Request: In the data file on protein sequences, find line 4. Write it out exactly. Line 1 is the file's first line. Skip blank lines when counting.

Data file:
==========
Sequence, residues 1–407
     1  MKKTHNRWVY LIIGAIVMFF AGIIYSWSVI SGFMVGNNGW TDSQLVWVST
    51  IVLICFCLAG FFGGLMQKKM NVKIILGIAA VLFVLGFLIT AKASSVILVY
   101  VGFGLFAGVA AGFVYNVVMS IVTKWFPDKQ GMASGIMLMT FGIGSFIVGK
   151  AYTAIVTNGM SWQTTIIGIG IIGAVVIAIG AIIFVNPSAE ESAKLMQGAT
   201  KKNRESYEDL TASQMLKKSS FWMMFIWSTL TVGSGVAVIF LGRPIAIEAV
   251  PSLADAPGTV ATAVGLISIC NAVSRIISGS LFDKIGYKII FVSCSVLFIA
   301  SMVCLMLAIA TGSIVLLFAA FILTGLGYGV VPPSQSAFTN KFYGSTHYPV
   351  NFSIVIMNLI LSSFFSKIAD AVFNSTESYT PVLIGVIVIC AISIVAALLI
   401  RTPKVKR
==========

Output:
   101  VGFGLFAGVA AGFVYNVVMS IVTKWFPDKQ GMASGIMLMT FGIGSFIVGK